Dr. Parr repeated that there was evidence of patent laws hindering research, and that Greenpeace’s only interest was in curtailing the direction patent laws were moving in.
It’s almost as if it’s possible for two groups, with wildly opposing views, to have one small area of overlapping agreement, without either group suffering from any internal inconsistency!
On the subject of ‘golden rice’, Dr. Parr pointed out that it doesn’t actually exist yet, because the science hasn’t worked yet! He also pointed out that a vitamin A boost is no substitute for a proper balanced diet, and mentioned one ‘low tech’ initiative ‘The Home Gardening Initiative’ in Bangladesh and one bio-tech approach, ‘marker-assisted breeding’, which has already worked for maize and cassava, because he believes that, in some circumstances “bio-fortification” is appropriate.
The presenter kept pushing on ‘golden rice’ – wasn’t this supposed to be about stem-cell research? Why did the presenter give up on what was supposed to be the main subject of the piece? I know current affairs presenters are supposed to be adversarial, but this is just underhanded, he had so obviously lost the argument on stem-cell research, so he then focused on a different issue.
The presenter then changed track again, claiming the environmental movement is only about making the campaigners feel good about themselves, and brought up Pascal Husting’s short-haul commutes, which Dr. Parr said was unacceptable, and a mistake.
What the interview comes across as is constant mud-slinging, with the presenter never really acknowledging any of the valid points Dr Parr made, just switching to a new direction of attack.
In the end it is an entirely manufactured controversy, as the BBC producers must have known all along exactly what the legal action was about. Imagine (you don’t have to imagine) if every time radical feminists wanted to talk about the harms of the sex industry, we first had to explain to a manipulated audience that we don’t hate sex and we don’t hate prostitutes, if anyone is even still listening by the time we are allowed to speak (if we are allowed to speak at all).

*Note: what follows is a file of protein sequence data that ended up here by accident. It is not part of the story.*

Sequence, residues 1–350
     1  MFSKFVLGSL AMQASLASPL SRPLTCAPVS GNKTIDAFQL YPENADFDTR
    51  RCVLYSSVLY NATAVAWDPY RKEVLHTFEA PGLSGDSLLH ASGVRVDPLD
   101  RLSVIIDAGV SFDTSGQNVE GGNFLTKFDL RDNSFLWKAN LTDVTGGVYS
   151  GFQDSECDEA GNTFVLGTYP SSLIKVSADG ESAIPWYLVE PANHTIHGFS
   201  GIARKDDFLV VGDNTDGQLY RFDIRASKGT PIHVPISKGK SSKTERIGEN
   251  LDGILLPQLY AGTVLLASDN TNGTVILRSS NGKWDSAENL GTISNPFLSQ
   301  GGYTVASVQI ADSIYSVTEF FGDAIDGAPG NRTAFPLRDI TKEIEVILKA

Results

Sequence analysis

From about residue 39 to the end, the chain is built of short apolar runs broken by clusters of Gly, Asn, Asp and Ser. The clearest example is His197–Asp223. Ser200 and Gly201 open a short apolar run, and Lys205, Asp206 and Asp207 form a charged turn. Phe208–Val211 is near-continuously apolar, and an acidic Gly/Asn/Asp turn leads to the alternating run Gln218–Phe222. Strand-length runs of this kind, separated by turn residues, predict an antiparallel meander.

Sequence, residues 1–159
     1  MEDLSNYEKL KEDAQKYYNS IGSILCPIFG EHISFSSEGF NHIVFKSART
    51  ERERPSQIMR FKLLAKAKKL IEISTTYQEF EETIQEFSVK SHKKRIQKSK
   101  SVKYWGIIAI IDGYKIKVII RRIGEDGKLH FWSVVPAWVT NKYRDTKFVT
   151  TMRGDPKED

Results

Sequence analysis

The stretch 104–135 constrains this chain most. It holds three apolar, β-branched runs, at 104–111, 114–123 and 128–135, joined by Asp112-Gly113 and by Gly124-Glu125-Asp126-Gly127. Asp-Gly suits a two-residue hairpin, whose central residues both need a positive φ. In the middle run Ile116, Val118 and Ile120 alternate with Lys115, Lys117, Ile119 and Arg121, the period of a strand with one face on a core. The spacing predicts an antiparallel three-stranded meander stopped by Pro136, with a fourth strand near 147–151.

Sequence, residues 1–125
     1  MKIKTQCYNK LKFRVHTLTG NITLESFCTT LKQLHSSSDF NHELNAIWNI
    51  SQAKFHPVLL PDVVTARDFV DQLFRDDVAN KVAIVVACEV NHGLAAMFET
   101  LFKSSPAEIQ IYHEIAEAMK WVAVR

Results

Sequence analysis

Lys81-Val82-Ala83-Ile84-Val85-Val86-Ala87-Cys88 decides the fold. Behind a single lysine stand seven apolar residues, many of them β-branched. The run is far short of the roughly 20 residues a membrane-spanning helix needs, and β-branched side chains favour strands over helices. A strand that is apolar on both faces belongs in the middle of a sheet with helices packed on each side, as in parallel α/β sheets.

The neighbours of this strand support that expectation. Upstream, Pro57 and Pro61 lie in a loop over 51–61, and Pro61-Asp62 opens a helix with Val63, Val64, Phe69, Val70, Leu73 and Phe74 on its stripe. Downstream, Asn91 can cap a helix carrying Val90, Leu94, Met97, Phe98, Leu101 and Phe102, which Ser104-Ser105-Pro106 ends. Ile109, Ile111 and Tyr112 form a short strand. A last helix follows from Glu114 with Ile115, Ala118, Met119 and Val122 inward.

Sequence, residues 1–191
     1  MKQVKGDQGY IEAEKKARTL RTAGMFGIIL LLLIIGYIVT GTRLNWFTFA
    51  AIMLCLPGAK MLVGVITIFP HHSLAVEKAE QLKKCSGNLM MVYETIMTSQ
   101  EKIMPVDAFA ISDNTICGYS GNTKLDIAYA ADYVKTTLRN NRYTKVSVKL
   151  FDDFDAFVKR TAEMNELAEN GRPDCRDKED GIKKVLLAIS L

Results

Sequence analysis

Unsurprisingly, in the interview, the you’re in league with the Catholic Church which is against all stem-cell research! angle was not pursued, because they knew the allegation was spurious. For Greenpeace to actually be ‘in league’ with the Catholic Church, rather than having one small over-lap of agreement with them, for entirely different reasons, Greenpeace would have to be doing something for the Catholic Church; are Greenpeace campaigning against women’s reproductive rights? against the teaching of evolution? against the human rights of gay people? No, of course they aren’t, because they are not actually ‘in league’ with the Catholic Church, they have, coming from entirely different starting points, found one small area of agreement.
The same with radical feminists and our supposed involvement with ‘religious fundamentalists’, do radical feminists campaigning against women’s reproductive rights? against the teaching of evolution? against the human rights of gay people? No, of course we don’t! Because we are not actually ‘in league’ with religious fundamentalists; there is one small area of over-lap between radical feminist thought and ‘religious fundamentalism’, the idea that the sex industry is a bad thing; we don’t even think it’s a bad thing for the same reasons! But hey, why bother with real debate when you can shut down critical thinking with a well-orchestrated, oft-repeated, unsubstantiated smear?
It’s also interesting to note how you’re in league with religious fundamentalists! is only ever used against radical feminists. Religion is the back-bone of peace and anti-poverty movements, but nobody tries to discredit those movements in that way.
Coincidentally enough, I heard another example of such a movement on Radio 4 the next day, when, on thought for the day, Giles Fraser (at 7.45 if you’re interested) pointed out that the Occupy movement in Hong Kong was started by an Evangelical Christian, Benny Tai. Does this deligitimise the Occupy movement? I don’t think so, even though these are people who very likely do want to take away women’s reproductive rights. I can separate out the different strands of the movement, and the individuals who make up the movement. I can also practice expediency, and realise that co-operating with a certain group on one thing doesn’t mean you are signing up wholesale to the rest of their beliefs.
It’s a shame sex industry advocates can’t manage the same nuance of thought.